The sermon was on “Turning.” So many metaphores of turning fill my mind. Somehow my MGM Grand Pa Jensen & Grandma With the Jealous Farting Leg occupy my thoughts. They were the Get Away vacation. They were the happy first world, theme park, GNP grossing nation, unlike the third world repressive realities of conrol freak conservative home life deep in the heart of Texas. Woah! That felt good.
One noteable saving grace in my mom and dad’s defense: We spent our summer’s tripping home to the mountains of Utah and Wyoming. When I was very small all the family gathered round the camp fire. Three generations. Under the stars of Star Valley, Wyoming. Abreast the rushing Willow Creek and lowered beckoning pine boughs. Well before my brother’s grown procreation of minions, and John Boy Walton occupation and Chickenville reunions. My childhood vacation of cook-out weinie roasts, and No limit catching trout boasts, and spooky camp fire stories, and songs and dances. We were roaring like a fire. Before the turning, loss of childhood inocense, summer vacation ruled and I was princess of the thing…..AND the oldest grandchild. I was beautiful and the smoke tried to follow me.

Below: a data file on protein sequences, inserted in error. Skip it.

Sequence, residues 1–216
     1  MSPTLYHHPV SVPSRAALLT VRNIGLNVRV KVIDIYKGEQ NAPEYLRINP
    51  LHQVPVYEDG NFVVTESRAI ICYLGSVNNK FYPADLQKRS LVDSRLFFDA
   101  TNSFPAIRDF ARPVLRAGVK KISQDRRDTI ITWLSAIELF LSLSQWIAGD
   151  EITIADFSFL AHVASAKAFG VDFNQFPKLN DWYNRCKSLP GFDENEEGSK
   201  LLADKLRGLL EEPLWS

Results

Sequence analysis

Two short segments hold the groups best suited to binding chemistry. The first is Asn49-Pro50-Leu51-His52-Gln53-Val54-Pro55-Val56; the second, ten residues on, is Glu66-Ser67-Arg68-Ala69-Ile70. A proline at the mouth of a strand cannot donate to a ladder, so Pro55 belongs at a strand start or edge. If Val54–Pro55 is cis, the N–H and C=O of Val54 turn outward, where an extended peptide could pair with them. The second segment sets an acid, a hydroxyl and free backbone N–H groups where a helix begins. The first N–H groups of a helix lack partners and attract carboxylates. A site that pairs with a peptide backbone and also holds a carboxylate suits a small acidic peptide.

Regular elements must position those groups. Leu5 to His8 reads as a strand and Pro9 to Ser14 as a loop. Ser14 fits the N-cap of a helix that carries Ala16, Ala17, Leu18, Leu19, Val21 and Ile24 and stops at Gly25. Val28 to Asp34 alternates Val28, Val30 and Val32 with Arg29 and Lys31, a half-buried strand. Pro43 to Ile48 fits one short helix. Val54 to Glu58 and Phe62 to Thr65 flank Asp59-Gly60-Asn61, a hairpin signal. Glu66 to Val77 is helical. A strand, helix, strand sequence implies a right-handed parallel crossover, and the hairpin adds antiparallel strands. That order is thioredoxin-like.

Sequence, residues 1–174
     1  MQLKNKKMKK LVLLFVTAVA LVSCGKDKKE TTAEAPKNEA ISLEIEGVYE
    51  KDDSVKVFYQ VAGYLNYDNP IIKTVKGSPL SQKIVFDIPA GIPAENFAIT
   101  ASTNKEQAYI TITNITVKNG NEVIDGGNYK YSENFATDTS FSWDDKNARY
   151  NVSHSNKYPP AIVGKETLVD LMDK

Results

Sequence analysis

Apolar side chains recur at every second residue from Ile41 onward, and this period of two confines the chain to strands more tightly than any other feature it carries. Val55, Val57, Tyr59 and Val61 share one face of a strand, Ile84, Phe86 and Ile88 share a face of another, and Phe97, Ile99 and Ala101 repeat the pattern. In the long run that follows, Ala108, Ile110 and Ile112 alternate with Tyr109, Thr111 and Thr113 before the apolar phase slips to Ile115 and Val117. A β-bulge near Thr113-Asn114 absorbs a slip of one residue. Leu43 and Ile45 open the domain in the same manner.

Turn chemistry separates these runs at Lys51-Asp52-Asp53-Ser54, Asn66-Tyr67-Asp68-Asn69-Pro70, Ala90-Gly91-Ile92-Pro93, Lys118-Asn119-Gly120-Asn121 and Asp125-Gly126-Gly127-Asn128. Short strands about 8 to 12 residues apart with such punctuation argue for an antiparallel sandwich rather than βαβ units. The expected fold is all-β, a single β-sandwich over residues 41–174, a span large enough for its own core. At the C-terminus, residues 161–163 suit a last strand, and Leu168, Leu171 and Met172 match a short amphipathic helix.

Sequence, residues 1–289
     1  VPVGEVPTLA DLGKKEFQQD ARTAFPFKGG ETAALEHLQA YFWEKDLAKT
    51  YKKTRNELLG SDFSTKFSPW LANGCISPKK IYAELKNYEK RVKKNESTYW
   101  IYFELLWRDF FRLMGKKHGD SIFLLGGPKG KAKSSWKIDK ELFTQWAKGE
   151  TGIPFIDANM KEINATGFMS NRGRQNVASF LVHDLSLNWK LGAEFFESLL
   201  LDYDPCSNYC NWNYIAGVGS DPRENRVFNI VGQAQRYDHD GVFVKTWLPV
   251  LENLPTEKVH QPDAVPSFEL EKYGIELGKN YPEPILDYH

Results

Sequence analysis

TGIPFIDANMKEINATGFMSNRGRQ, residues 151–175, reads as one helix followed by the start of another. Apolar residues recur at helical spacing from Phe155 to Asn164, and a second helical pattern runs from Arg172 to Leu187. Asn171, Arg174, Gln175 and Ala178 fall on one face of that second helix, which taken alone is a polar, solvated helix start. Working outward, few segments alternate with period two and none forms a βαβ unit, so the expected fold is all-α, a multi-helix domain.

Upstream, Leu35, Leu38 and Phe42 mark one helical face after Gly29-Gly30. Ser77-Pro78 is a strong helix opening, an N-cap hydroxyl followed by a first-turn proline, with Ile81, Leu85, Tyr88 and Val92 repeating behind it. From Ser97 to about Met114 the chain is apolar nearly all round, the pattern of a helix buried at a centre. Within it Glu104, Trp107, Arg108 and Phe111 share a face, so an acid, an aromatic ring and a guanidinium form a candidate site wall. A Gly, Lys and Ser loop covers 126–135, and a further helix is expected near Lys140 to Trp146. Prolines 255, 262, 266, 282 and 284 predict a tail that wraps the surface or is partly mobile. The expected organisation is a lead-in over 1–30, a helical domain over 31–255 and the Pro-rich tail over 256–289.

The days, and months and summers turned, just as we turned from children into teens, and men and women. Back then, in former times, for many summer nights we could be found outside like this turning marshmellows on sticks. The gooey, sticky ick we loved in spite of getting sick on them. This was okay back then. And Grand Pa Jensen dancing, chanting, turning out a rain dance like a Native, or some look alike John Wayne type. My grandpa big and tall with curly Danish head of hair and comic aire about him….though he mostly didn’t say much, just smiled.
These were the happy days of summer. Some were full of water snakes and stinging nettle. Of summer birthday cakes, and moose restraints and hiking to the lily pond and cliffs. Each day was filled with dreams and happy scenes and peace of mind. Adventures and new friends to find. And life was kind. And I could count on Grandparents to love me. Unconditionally.